Home-made pickles are very common in Telugu homes and these are consumed with rice and with snacks like dosa/idli etc. Andhra pickles are unique in many ways (taste, spiciness, preparation). Most of the pickles are best had with rice, a staple of South India. While they made had with rotis or any other flat bread, they taste best only with hot rice.
They can be categorized into 3 types:
1) Pickles made with vegetables for long duration (8-12 mths) also called ooragaya and typically prepared with mango ( aavayakaya, magaya, mukkalapachadi), gongura, lemon, tamarind (chintakaya), amla (usiri) among many more.
2) Pickles made with dals/vegetables and which need to be consumed in 2-3 days (ex: kandi pachadi, pesara pachadi, kobbari pachadi, pacchi tomato pachadi, vankaya pachadi)
3) Pickles made with vegetables and which need to be consumed in 7-10days (ex: kotta chintakaya pachadi, allam pachadi, mamidi-allam pachadi, mamidikaya pachadi)
From the top left: Gongura, Aavakaya, Usiri Pachadi, Mamidi Allam Pachidi
I am not an expert at making pickles and need to go a long-way before making them with decent taste 🙂 However at my in-laws place pachadi is must with daily meal and so I used to get them whenever I visit them.
In this blog I dont want to get into details of making pickles but shall be posting the pictures of the (tasty) pickles which we made at home.
Gongura is one of the most popular leafy vegetables in Andhra. In fact, no marriage or any auspicious occasion is complete without gongura pachadi on its menu.
Gongura, red sorrel, comes in 2 varieties: one with a green stem and other with red stem. The red stem variety is more sour that the green one. It is a summer crop, and the hotter the p[lace, the more sour the leaf gets. Hence the best gongura hails from the Guntur region of Andhra Pradesh.
Red Sorrel has some health benefits too and is useful in relieving symptoms of fever. The leaves of this herb are useful in the prevention and treatment of scurvy which is a deficiency caused by lack of vitamin C. Fresh leaves of the plant are useful in stimulating the stomach and aiding its action. These leaves are beneficial in the treatment of jaundice and a tablespoon of fresh red sorrel juice mixed with butter-milk (made from cow’s milk) is recommended once daily in the treatment of jaundice.
There are various dishes that can be made with gongura. Gongura pappu and gongura pachadi are the common dishes that can be made. The gongura pulusu-kura is a special dish, and was taught to me by my mother-in-law.
1 bunch of Gongura
lime-sized ball of tamarind
10 green chillies
1/2 tsp menthulu (fenugreek seeds)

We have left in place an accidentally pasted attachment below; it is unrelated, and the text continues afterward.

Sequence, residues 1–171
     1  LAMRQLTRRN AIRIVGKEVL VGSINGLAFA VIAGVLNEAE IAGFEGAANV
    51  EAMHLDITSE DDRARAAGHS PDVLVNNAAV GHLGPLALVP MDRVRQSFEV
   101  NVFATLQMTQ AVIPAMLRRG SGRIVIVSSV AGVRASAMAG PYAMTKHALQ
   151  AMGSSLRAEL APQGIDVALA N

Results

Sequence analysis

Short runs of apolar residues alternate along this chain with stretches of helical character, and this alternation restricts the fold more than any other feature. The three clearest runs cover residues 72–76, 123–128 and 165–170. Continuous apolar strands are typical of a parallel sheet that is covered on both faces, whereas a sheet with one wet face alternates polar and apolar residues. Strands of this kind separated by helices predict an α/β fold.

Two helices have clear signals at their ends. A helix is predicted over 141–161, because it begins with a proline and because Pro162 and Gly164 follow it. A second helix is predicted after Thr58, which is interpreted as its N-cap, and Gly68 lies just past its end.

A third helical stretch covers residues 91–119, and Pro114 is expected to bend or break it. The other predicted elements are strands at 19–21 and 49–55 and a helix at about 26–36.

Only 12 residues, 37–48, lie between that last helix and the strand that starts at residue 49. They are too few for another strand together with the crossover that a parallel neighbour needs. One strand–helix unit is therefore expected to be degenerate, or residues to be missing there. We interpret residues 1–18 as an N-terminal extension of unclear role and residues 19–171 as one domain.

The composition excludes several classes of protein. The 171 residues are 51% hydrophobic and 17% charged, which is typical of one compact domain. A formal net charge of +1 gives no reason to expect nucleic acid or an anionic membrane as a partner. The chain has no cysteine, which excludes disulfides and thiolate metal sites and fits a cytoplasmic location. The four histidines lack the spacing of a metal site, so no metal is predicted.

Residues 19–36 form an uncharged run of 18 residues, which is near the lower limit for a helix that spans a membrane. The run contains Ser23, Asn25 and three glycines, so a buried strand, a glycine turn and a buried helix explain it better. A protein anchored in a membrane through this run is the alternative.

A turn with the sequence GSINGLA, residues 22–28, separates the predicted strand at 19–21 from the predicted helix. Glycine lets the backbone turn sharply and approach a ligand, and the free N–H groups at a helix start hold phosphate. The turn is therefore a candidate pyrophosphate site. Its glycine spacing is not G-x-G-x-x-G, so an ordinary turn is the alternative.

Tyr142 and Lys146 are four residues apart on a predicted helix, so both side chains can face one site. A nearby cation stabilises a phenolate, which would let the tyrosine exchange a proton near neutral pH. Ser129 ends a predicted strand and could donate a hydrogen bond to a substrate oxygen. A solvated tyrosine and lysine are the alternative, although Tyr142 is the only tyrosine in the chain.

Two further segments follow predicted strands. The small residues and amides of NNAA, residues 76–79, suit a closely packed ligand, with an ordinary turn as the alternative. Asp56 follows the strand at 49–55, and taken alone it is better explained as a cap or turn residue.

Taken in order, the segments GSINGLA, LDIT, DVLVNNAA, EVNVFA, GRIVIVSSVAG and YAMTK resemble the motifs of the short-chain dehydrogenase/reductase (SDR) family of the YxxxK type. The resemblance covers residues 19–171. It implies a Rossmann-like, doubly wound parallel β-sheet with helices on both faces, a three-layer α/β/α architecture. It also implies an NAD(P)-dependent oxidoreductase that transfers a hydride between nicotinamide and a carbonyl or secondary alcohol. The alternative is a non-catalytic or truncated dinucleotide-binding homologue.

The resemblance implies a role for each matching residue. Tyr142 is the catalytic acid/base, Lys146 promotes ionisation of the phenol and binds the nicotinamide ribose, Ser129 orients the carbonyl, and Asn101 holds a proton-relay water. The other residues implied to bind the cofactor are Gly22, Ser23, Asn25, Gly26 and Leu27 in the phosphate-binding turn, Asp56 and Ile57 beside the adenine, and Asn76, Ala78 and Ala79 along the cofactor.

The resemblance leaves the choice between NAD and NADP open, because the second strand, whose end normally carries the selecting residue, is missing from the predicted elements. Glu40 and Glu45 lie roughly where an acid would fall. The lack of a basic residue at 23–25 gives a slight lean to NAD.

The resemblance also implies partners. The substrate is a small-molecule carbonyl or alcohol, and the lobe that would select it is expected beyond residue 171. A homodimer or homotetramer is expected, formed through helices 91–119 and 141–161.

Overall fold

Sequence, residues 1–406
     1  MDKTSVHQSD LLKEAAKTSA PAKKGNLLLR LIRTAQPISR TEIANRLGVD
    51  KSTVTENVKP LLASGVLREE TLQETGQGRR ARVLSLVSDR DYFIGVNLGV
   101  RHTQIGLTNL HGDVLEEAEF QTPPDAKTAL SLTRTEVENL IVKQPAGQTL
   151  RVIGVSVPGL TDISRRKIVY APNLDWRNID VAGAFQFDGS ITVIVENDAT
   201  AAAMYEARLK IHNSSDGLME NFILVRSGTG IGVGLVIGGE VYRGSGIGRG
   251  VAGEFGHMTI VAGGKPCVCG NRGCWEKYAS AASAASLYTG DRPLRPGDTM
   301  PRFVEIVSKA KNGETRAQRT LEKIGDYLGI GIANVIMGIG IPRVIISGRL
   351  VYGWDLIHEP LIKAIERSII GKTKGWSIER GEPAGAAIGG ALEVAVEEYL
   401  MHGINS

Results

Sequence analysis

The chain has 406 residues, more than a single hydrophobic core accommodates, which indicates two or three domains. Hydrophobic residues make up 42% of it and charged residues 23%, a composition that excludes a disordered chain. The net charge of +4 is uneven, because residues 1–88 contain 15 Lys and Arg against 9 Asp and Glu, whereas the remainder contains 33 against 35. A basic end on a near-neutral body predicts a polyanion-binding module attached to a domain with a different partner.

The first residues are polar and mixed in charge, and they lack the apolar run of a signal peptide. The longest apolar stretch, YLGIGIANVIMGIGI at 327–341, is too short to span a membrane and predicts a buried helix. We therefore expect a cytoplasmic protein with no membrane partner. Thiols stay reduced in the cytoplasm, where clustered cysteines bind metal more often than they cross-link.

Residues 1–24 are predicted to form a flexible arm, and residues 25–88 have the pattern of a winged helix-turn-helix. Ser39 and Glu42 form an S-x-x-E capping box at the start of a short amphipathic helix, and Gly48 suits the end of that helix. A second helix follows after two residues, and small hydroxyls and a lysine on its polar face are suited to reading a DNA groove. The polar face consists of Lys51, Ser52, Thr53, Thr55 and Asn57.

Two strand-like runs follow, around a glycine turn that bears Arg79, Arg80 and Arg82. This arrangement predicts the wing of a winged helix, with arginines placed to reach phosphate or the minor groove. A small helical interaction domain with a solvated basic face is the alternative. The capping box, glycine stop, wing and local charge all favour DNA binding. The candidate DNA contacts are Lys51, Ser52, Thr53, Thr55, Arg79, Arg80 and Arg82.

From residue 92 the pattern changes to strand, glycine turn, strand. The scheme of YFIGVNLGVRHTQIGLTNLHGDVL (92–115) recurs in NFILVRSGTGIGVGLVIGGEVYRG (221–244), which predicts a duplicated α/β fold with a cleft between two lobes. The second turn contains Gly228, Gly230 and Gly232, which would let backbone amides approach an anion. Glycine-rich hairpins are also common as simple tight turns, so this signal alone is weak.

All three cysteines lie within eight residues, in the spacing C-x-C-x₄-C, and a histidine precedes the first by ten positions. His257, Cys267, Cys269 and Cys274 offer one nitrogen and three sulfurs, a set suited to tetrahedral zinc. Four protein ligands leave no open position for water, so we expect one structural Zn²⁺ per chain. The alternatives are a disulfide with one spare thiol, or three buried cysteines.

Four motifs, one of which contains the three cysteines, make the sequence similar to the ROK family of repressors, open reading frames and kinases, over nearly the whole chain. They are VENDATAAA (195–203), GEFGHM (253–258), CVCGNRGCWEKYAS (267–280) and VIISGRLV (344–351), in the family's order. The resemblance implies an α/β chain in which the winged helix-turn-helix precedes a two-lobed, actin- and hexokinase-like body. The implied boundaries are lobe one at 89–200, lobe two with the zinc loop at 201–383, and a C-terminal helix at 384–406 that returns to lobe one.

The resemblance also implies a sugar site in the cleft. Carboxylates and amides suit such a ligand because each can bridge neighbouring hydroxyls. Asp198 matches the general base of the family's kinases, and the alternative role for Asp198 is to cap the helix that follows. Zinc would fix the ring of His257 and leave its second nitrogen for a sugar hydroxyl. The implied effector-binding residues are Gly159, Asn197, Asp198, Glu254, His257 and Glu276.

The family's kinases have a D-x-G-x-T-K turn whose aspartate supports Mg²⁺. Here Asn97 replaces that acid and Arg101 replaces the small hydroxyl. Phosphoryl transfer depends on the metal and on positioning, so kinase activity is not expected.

1 tsp senaga pappu (chana dal)
Tadka: 1 tsp each of aavalu (mustard seeds), menthulu (fenugreek) and mina pappu (urad dal), and 1 red chilli
- Wash the gongura leaves, chop and set aside.
- Boil the tamarind with green chillies and menthulu.
- Once it comes to boil, add the gongura leaves with the senaga pappu. Add salt and cook.
- Once it is done, the leaves would have changed colour and lost shape. Also the senaga pappu will be done, but will retain its shape.
- Take off the flame.
- In a small wok, heat some oil and add the tadka
- Once the seeds start popping, add to the gongura pulusu-kura, and mix well.
The pulusu kura can be had with rice and utti pappu.
This is my favorite sweet, and was absolutely delighted when my mother-in-law made it a few days back. In fact I had this sweet only at sweet shops, and it had never occurred to me that it could be prepared at home.
Junnu Paalu is basically milk from a lactating cow (or buffalo), usually from the first 1-2 days after birthing a calf. This is especially important, as the milk is very rich and this gives it an added flavor not found in regular milk. Nowadays, most of us buy milk packets, and the junnu milk available in store may not really be fresh, or purely junnu milk.It so happens that at my in-laws place, we take milk from the local milk-man, and this ensured that we get fresh junnu milk whenever it is available.
Our milk-man thought hubby was staying for a few days, and brought the milk. Unfortunately by that time, hubby had returned home, while I stayed back with the in-laws, and got to enjoy this treat!! 🙂
This is one dish that cannot be qualified as merely a dessert to be had along with a meal. It can be had as a snack as well, and and can be had at any time, except probably late evening as it is quite heavy.
1 ltr Junnu Paalu
8-10 cardamoms (elaichi)
1 cup pepper corns
1-1.5 cups sugar
- Pound the elaichi and pepper corns roughly, so that the flavors are released.
- Add the sugar to the milk, and stir well till the whole sugar is dissolved
- Add the cardamoms and elaichi and mix well.
- Put the lid on, and cook in a pressure cooker for about 6 whistles.
- Take out once cooled down.
The sugar and peppers give it a sweet-spicy taste, while the cardamom gives added flavour.
Serve when cooled.